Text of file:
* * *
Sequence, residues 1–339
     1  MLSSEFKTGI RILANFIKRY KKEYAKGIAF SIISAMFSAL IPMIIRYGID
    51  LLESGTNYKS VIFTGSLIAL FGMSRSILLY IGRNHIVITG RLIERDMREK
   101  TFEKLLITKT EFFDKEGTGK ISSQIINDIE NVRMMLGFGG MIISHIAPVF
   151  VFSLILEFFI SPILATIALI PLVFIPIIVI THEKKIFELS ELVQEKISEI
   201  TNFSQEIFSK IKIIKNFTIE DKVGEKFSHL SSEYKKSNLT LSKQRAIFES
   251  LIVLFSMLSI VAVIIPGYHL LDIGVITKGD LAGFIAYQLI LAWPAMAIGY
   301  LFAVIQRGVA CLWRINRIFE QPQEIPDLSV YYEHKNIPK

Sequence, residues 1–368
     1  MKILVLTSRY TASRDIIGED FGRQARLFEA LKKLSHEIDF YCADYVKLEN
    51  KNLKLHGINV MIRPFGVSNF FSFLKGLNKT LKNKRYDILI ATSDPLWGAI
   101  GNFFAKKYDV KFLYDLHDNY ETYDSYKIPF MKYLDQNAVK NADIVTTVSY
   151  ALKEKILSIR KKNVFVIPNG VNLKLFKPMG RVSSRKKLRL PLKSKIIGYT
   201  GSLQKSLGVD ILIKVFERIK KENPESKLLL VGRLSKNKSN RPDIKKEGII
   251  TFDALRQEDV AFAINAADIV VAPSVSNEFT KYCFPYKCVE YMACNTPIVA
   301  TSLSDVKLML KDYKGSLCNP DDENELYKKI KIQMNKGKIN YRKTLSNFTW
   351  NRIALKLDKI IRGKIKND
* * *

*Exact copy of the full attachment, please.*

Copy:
Sequence, residues 1–339
     1  MLSSEFKTGI RILANFIKRY KKEYAKGIAF SIISAMFSAL IPMIIRYGID
    51  LLESGTNYKS VIFTGSLIAL FGMSRSILLY IGRNHIVITG RLIERDMREK
   101  TFEKLLITKT EFFDKEGTGK ISSQIINDIE NVRMMLGFGG MIISHIAPVF
   151  VFSLILEFFI SPILATIALI PLVFIPIIVI THEKKIFELS ELVQEKISEI
   201  TNFSQEIFSK IKIIKNFTIE DKVGEKFSHL SSEYKKSNLT LSKQRAIFES
   251  LIVLFSMLSI VAVIIPGYHL LDIGVITKGD LAGFIAYQLI LAWPAMAIGY
   301  LFAVIQRGVA CLWRINRIFE QPQEIPDLSV YYEHKNIPK

Sequence, residues 1–368
     1  MKILVLTSRY TASRDIIGED FGRQARLFEA LKKLSHEIDF YCADYVKLEN
    51  KNLKLHGINV MIRPFGVSNF FSFLKGLNKT LKNKRYDILI ATSDPLWGAI
   101  GNFFAKKYDV KFLYDLHDNY ETYDSYKIPF MKYLDQNAVK NADIVTTVSY
   151  ALKEKILSIR KKNVFVIPNG VNLKLFKPMG RVSSRKKLRL PLKSKIIGYT
   201  GSLQKSLGVD ILIKVFERIK KENPESKLLL VGRLSKNKSN RPDIKKEGII
   251  TFDALRQEDV AFAINAADIV VAPSVSNEFT KYCFPYKCVE YMACNTPIVA
   301  TSLSDVKLML KDYKGSLCNP DDENELYKKI KIQMNKGKIN YRKTLSNFTW
   351  NRIALKLDKI IRGKIKND